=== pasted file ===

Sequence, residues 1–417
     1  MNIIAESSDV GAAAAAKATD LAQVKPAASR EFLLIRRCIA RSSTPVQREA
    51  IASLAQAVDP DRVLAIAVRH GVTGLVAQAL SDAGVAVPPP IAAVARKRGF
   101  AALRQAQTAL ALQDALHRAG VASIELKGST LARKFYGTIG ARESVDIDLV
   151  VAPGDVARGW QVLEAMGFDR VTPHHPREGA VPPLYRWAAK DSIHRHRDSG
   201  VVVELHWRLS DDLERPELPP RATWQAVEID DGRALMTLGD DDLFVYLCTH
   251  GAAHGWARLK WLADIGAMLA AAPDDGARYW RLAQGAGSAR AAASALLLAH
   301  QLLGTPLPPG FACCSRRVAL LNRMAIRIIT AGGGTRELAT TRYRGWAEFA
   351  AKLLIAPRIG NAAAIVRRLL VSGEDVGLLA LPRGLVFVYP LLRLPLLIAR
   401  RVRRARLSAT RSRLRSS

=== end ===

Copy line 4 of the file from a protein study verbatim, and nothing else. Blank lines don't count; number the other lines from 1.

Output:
   101  AALRQAQTAL ALQDALHRAG VASIELKGST LARKFYGTIG ARESVDIDLV